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Walk-curious walkers of Ridgeline:

I love rules. They’re helpful: Helpful creatively, helpful cognitively (they reduce rote decision making load). Walks can be powerful tools or “platforms.” Well-considered rules applied to walks are like the low level “code” of the walk. They define the functions and features of a walk, the kinds of work that emerge from walks.

Over the years, I’ve built up and torn down, bent and replaced Walk Rules, but in general they look like:

  • Walk whenever possible
  • Which means: Avoid transportation unless absolutely necessary
    • A lot of interesting things happens in the interstitial “boring” areas between “good” and “suboptimal” walking spaces, and these spaces are often “fast-forwarded” via transportation
  • No mental “teleporting:”
    • No podcasts
    • No social media
    • No news sites
  • Yes to many things:
    • Yes to being “present” (you know: there, aware, conversant)
    • Yes to entering as many funky looking cafes, diners, barbershops as possible
    • Yes to chatting up elderly farmers galore
  • With an almost religious fervency, perform the following creative acts every single day:
    • Take a portrait of someone before ten a.m.
    • Film five minutes of “nothing exciting” happening somewhere along the road
    • Record a five minute binaural audio snippet
    • Publish a newsletter
  • Finally: Rules that vibrate with a quondam urgency may no longer be useful; always be willing to break or bend them

You could distill this to:
Walk, be present, engage with the world around you.
Keep an open mind.

But by taking the rules out of the abstract, into the concrete, the acts become habits, and the habits become foundational for work derived from the walk itself.

I was recently thinking of rules because my last walk, the Tiny Barber Ten City jaunt, was rule-heavy from the outset, but I didn’t end up following them all.

Here they are:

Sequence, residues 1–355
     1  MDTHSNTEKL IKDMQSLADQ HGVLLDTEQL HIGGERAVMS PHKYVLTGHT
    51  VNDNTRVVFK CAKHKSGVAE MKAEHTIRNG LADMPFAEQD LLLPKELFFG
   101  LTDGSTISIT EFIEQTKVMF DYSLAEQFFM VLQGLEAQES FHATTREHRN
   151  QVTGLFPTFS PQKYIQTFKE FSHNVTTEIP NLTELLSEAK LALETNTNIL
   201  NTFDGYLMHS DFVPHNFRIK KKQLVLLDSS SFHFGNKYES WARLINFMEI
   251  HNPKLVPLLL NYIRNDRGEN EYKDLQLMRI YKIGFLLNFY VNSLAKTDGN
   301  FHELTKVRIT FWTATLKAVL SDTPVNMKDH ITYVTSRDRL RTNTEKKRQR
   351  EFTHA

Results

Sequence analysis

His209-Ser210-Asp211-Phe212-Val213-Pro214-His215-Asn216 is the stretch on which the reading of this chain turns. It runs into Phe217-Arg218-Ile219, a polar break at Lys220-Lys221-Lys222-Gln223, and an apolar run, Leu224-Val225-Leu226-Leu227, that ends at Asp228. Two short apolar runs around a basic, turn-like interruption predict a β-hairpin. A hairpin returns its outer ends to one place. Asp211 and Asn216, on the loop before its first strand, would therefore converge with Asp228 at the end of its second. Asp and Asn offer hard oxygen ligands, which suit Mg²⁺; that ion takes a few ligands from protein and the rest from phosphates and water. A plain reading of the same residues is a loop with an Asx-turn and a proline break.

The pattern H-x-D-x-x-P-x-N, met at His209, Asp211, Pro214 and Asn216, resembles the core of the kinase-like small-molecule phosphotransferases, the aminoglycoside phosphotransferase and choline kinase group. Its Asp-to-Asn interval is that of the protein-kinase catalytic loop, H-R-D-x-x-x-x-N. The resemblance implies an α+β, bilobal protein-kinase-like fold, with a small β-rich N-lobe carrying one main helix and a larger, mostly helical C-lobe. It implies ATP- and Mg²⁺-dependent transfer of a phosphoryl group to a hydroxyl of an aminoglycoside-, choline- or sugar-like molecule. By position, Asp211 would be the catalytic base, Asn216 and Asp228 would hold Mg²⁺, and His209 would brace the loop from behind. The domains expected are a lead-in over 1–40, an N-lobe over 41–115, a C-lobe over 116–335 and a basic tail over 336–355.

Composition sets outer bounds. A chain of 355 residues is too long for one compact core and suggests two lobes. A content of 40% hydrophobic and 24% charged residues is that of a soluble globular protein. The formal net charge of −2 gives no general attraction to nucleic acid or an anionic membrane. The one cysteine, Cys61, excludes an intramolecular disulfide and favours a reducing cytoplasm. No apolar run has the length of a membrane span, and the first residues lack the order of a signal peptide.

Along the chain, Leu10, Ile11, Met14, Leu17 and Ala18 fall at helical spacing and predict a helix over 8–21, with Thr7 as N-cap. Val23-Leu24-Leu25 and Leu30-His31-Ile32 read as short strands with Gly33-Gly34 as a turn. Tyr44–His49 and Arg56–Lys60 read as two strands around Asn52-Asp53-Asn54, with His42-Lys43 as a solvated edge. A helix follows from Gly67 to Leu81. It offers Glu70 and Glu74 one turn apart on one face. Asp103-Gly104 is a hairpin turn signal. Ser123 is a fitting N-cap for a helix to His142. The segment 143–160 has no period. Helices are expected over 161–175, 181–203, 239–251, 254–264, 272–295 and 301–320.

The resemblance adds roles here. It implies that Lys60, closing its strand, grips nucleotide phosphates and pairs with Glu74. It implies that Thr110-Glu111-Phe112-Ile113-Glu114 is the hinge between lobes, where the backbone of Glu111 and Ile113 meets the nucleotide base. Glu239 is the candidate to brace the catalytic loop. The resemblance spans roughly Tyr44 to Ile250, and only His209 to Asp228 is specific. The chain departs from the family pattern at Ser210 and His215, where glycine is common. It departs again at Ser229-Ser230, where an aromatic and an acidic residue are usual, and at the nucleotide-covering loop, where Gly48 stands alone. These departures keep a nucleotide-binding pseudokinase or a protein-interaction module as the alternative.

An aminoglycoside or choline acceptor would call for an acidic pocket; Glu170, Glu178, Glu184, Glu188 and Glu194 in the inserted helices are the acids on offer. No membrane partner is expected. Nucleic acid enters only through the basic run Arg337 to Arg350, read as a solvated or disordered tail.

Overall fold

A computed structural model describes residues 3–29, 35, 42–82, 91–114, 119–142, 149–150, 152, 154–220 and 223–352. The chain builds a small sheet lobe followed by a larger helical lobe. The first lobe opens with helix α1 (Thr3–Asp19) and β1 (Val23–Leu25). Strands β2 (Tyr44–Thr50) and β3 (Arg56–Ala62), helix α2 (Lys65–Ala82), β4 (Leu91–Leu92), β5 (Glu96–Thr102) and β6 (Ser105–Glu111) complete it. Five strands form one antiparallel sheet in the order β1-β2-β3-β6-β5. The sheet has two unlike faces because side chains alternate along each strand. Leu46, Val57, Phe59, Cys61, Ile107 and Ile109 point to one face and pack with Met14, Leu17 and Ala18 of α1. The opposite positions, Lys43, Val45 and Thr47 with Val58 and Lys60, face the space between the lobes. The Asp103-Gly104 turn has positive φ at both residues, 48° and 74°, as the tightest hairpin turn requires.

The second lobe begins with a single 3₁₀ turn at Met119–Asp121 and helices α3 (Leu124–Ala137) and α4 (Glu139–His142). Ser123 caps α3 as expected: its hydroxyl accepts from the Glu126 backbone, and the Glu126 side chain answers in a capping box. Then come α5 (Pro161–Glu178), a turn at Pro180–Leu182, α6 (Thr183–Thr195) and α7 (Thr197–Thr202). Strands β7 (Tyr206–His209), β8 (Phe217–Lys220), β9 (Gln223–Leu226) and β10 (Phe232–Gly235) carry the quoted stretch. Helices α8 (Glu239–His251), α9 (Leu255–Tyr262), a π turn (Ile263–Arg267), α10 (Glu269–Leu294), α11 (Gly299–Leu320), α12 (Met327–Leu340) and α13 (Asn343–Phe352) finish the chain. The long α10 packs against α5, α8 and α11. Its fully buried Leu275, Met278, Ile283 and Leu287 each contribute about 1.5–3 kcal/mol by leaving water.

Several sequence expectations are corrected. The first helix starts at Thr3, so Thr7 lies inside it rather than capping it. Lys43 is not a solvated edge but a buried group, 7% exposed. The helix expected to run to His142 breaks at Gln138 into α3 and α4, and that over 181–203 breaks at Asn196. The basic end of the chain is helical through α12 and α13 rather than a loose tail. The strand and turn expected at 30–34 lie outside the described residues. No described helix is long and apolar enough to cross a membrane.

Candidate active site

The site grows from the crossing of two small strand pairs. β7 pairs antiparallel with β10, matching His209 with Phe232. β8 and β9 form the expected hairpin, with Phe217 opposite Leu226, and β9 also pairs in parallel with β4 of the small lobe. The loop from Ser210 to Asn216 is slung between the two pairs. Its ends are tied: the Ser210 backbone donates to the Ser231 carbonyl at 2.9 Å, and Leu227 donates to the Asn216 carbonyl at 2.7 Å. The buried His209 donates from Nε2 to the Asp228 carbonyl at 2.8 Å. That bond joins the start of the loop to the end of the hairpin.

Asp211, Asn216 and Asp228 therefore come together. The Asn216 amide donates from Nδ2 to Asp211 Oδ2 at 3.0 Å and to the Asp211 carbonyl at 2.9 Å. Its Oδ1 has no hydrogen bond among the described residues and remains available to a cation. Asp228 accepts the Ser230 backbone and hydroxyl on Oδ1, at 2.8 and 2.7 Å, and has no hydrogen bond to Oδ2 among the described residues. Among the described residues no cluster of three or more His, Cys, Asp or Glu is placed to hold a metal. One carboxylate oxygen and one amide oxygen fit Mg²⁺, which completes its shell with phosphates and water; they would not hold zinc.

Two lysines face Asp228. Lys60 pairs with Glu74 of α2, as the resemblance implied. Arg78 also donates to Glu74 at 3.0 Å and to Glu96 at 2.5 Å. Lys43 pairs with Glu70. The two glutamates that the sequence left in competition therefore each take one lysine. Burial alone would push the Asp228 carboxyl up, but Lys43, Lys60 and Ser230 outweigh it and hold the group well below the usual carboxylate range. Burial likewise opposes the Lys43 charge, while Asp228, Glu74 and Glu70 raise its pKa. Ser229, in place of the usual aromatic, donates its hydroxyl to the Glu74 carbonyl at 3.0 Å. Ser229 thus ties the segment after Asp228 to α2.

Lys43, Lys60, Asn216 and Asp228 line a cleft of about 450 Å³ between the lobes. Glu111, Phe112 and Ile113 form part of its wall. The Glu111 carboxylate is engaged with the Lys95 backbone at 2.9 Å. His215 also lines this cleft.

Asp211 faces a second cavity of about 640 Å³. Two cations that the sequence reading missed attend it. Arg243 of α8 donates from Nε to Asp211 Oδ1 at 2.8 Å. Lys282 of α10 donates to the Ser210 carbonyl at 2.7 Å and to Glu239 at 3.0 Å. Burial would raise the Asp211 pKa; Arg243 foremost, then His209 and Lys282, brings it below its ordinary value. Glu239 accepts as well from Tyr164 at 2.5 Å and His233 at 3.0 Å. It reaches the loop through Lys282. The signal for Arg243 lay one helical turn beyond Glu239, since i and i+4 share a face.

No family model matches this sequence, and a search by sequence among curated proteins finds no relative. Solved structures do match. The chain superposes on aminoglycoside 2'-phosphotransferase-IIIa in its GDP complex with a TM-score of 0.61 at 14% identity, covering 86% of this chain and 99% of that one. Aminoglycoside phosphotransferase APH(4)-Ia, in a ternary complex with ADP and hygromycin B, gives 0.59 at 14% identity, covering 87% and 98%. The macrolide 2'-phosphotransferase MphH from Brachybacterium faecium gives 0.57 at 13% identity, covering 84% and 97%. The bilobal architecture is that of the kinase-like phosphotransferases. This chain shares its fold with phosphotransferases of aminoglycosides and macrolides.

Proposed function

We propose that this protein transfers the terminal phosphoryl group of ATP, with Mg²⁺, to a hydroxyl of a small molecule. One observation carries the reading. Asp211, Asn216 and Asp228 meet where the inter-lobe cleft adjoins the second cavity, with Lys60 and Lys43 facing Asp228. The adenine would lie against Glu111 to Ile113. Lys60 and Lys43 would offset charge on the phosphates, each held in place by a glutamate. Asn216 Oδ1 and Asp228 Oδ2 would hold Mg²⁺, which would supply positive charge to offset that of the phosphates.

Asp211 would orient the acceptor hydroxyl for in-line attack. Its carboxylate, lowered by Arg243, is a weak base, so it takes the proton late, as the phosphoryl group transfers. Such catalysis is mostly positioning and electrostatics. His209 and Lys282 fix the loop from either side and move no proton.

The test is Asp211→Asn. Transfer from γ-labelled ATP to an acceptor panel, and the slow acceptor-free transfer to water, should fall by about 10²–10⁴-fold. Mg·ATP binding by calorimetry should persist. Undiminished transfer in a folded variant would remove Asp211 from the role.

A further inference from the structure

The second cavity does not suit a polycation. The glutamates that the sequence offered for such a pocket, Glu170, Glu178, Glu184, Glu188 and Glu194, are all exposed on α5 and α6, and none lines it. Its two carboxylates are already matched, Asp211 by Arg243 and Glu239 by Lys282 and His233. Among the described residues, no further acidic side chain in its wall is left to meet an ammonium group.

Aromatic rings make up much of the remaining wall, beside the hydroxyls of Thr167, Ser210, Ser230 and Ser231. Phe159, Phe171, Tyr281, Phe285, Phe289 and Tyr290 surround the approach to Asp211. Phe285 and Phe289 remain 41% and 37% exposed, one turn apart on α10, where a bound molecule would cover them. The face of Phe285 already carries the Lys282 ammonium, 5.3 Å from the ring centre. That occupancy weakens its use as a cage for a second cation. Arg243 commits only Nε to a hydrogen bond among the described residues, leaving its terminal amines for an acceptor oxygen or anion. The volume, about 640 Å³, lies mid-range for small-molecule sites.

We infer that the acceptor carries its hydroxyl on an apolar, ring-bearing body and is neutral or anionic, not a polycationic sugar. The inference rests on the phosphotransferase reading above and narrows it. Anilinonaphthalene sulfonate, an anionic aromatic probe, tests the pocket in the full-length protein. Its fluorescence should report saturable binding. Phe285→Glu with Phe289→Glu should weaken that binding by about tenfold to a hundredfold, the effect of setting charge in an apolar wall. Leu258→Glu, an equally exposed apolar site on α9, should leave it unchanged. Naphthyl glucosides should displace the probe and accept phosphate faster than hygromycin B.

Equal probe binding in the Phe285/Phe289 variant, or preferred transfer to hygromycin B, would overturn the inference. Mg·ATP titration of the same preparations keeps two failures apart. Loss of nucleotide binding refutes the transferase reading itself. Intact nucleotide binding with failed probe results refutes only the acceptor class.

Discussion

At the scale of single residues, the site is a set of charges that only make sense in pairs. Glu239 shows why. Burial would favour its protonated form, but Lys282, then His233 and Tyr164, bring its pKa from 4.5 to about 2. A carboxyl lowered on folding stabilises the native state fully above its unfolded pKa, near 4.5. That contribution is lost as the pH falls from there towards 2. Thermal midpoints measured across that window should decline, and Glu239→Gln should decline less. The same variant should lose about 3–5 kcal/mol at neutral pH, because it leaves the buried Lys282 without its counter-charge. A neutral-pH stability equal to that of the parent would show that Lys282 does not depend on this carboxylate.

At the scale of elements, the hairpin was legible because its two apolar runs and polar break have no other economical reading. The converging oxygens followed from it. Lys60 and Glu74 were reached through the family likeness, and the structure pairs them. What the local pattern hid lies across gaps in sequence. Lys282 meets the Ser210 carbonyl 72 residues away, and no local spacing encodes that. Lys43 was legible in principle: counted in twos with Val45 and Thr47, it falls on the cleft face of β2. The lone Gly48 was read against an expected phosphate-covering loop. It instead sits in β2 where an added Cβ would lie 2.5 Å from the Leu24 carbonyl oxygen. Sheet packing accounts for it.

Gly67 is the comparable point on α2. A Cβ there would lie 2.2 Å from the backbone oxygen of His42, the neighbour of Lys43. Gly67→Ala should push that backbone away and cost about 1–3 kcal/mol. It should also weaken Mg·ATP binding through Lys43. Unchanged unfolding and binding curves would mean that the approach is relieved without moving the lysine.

1. Visit ten “mid” to “smallish” sized cities (defined below) around Japan
  2. Touch all the major islands outside Okinawa: Hokkaido, Honshu, Shikoku, and Kyushu
  3. Spend three nights in each city
  4. Once in a city, only walking is allowed
  5. Walk fifty kilometers in each city
  6. Visit a barbershop, a kissa, a yaoya (greengrocer), a post office (and, uhm, more)
  7. Travel between cities is by train (or bus) (and biking across the inland sea); no planes
  8. Write and publish every day to Tiny Barber, Post Office
  9. Film daily Nothing Exciting videos (w/ binaural audio)
  10. Photograph the heck out of things

How did I do in the end?

  1. √ We nailed this one; visited ten great, strange, mid-sized cities, had a blast
  2. √ We hit up all the islands
  3. √ Three nights, done and done
  4. 1/2 We mostly followed this one; there were a couple cities where I did hop on a train or bus or tram because of time constraints, but for the most part, I had a 95% follow-through. The point of this rule was to “force” me to contend with or “touch” parts of the city I may otherwise avoid because of transit.
  5. This one I did not follow; fifty kilometers / city turns out to be A LOT for cities of these sizes. More on this below.
  6. I sort of followed this one? We ended up focusing more on kissaten than intended, and specifically on jazz kissa. It’s simply what the universe presented us; and as soon as I started to pull on that thread, amazing connections, moments, and opportunities presented en masse. I probably could have pushed myself to visit more greengrocers and barbers, but, still, I think we did a pretty good job of engaging with local communities / economies (which was the point of the rule).